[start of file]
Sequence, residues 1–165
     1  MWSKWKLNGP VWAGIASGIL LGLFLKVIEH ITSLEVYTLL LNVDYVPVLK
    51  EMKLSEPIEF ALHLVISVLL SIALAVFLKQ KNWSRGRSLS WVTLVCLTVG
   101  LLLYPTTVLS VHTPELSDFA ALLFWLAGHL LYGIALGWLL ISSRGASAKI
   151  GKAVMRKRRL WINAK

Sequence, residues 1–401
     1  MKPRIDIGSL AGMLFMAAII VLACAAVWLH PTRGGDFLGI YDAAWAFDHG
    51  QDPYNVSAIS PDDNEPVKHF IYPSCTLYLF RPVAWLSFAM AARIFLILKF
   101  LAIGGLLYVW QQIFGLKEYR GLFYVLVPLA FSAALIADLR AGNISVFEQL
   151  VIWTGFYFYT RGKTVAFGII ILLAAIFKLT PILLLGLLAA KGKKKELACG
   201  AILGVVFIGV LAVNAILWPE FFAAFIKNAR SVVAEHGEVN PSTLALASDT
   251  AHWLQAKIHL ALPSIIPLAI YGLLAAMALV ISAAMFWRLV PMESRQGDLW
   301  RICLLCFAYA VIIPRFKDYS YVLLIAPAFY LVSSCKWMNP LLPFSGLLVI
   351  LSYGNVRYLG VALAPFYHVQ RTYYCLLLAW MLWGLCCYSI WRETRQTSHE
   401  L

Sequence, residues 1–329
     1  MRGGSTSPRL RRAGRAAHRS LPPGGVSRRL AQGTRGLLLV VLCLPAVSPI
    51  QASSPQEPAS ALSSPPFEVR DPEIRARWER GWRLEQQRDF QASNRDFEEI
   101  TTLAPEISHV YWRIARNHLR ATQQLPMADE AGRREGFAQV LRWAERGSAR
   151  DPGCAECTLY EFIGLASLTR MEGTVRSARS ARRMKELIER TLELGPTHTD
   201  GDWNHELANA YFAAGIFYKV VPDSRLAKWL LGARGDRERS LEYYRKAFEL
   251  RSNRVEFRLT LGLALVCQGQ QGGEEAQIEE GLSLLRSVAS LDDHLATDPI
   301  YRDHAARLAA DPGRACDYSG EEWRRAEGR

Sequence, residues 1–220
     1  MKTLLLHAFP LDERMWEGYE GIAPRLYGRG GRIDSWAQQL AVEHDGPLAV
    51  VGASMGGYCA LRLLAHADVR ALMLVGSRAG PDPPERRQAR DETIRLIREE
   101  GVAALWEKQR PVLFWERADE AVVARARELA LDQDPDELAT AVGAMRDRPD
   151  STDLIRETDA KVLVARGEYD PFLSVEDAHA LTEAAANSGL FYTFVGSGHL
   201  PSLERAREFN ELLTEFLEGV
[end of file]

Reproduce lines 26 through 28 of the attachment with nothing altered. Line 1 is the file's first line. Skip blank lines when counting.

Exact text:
    51  VGASMGGYCA LRLLAHADVR ALMLVGSRAG PDPPERRQAR DETIRLIREE
   101  GVAALWEKQR PVLFWERADE AVVARARELA LDQDPDELAT AVGAMRDRPD
   151  STDLIRETDA KVLVARGEYD PFLSVEDAHA LTEAAANSGL FYTFVGSGHL